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  • Writer's pictureLaura Jones

Why Professional Advocacy? Good question.


Often times parents wonder what a professional advocate may provide their child. It's a good question to ask any advocate you are thinking of hiring. What do they think they bring to the table for a child?


There are multiple answers, and selecting the right advocate may well depend on what you and your child feel will help your child in their particular circumstances. These are my answers:


 
  1. Even out the power structure in the meeting room. School meetings, and particularly IEP's, are often imbalanced. One or two parents and then a school team consisting of at least a building administrator, case load provider, general education teacher and often several other professionals from the staff. Theoretically, all people at the table are on your child's side. Realistically, human nature may place you at odds with the team or at least not feeling like a real part of it when it comes to decisions. This imbalance may stem from differing opinions, or things as simple as you not understanding the process, not following the acronyms or being unaware of the correct procedures required. When, as a parent, you are feeling disadvantaged, a professional advocate may provide you the strength and knowledge to sit at the table on a more equal footing, and help you be heard on an equal team footing. Knowledge of the process and rules matters.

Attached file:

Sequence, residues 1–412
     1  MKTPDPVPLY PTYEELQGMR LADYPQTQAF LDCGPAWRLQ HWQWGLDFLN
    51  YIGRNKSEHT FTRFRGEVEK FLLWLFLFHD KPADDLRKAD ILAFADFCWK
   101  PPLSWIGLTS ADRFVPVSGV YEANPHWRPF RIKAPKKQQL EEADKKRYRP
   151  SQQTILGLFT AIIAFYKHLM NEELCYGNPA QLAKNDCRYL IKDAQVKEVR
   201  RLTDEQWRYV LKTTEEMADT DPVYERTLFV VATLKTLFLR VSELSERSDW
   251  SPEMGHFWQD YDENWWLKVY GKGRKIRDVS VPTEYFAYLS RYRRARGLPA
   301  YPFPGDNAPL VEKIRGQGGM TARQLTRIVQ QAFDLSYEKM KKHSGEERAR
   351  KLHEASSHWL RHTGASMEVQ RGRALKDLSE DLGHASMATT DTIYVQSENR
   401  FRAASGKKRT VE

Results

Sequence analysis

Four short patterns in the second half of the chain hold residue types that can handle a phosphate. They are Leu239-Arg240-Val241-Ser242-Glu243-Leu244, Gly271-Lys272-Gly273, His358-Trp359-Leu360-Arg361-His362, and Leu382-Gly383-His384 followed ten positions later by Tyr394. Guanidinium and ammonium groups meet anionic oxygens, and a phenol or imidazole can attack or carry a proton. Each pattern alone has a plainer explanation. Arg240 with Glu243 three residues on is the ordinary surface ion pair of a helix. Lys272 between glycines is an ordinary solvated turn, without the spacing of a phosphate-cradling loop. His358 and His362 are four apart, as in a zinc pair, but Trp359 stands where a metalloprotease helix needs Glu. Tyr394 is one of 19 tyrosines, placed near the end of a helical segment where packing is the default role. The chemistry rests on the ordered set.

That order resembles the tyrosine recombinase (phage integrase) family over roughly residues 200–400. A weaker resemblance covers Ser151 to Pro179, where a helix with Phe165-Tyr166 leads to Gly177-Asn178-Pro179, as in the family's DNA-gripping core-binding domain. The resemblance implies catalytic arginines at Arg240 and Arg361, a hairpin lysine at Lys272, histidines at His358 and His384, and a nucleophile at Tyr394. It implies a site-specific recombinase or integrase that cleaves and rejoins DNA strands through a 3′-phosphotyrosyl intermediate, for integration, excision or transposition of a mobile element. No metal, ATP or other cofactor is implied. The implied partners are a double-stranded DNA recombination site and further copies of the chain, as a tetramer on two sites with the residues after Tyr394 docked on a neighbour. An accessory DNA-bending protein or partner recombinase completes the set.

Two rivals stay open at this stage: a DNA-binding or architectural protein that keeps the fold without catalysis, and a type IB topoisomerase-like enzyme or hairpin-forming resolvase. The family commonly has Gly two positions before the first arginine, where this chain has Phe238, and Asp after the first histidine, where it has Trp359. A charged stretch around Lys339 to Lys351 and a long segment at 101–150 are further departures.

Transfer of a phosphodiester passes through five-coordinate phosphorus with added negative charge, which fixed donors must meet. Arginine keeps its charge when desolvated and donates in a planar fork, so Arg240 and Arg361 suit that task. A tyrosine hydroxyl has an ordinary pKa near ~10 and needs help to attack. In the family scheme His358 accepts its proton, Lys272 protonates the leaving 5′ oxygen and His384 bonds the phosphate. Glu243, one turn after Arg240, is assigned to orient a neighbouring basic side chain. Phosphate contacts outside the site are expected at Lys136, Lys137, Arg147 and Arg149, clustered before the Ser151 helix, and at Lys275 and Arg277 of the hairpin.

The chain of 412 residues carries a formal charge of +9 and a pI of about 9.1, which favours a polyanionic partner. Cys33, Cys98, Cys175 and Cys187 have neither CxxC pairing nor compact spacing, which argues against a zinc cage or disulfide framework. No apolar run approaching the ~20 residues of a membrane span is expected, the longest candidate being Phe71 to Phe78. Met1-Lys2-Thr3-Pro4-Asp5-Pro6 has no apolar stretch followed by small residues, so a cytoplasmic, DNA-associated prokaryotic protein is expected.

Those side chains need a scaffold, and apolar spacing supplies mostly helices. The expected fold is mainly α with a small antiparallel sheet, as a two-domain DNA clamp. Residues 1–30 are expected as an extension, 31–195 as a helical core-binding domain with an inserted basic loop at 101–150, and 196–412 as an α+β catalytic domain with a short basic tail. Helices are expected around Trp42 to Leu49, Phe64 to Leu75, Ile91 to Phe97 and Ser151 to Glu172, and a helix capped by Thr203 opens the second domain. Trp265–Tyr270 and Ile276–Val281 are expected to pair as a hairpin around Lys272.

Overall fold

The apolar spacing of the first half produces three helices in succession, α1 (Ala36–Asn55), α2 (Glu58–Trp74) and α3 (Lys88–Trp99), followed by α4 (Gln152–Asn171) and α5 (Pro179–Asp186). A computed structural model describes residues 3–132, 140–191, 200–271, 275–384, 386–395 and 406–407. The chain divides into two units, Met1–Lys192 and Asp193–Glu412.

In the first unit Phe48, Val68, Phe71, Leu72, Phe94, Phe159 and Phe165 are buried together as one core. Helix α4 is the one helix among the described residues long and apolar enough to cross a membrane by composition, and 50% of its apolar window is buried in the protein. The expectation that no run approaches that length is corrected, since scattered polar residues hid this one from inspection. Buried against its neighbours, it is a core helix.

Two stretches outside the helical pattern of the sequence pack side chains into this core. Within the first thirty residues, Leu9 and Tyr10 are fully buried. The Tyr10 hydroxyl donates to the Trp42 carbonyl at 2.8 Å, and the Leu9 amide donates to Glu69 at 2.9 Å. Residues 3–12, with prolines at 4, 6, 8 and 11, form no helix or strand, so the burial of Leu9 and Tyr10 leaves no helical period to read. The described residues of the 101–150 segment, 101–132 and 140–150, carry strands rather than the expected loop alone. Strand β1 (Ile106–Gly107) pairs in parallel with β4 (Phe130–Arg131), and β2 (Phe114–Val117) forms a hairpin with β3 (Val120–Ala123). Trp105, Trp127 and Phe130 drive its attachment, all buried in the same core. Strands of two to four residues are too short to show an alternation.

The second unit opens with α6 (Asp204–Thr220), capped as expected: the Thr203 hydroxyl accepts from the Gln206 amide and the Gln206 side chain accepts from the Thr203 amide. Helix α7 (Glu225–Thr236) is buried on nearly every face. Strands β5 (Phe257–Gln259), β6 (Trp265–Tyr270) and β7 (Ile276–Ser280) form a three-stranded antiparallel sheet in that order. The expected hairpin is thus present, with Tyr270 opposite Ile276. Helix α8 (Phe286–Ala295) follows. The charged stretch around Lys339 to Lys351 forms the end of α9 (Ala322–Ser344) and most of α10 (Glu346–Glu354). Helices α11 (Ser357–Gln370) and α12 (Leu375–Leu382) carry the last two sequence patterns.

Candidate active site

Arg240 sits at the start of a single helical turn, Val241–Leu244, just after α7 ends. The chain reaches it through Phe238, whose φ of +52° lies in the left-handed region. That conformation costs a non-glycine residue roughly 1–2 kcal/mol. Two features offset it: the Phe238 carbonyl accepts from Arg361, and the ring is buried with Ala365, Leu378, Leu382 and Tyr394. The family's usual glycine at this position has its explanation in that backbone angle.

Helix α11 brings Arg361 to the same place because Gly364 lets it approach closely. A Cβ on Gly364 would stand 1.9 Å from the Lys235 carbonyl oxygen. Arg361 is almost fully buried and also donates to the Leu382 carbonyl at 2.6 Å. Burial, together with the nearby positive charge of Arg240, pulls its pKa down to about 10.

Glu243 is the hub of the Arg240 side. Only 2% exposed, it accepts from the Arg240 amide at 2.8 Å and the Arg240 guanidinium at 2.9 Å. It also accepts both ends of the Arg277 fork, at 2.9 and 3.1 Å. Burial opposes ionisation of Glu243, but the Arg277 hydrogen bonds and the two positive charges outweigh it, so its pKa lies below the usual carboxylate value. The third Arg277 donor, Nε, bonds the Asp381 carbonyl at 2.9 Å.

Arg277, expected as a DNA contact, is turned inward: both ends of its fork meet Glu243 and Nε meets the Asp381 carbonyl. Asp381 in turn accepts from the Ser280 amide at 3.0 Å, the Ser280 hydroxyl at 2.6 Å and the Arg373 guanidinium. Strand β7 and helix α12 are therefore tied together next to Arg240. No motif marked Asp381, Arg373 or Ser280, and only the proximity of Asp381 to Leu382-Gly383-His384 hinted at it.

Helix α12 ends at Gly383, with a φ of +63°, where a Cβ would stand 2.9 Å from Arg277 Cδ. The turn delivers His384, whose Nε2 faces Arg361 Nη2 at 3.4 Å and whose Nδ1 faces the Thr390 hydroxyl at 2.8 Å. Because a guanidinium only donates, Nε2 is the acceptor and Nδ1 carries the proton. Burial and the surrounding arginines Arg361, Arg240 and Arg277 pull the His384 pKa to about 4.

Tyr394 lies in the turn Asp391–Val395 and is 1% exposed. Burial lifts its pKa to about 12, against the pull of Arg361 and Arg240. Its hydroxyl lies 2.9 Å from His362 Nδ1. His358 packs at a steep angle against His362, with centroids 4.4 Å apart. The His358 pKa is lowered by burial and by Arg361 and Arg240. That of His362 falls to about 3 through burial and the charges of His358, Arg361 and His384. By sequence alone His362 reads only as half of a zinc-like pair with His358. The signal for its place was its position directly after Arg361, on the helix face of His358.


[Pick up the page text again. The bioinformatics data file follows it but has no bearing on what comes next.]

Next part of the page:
2. Know the process. There are established processes for special education, disciplinary issues and 504 plans. There are even established norms for functional behavior analyses and behavior plans. Knowledge of these keeps everyone focused on following them and providing your child with what they need.

  3. Your child's ally at the table. I present your child, as you and I both experience them, to the team in ways they understand as educators and ways which require them to consider the information. There are established norms in special education and evaluations and adhering to them is to your child's advantage. It requires knowledge of the process, and the willingness and ability to educate those who are not aware, even it's still staff who are deficient. Your child needs a strong ally.

  4. Mission driven for your child. I am not there to score points, win battles or any other agenda. I am mission driven and the mission is always the same; see that your child's unique and demonstrable needs are understood and met. This ensures a quality educational opportunity for your child.


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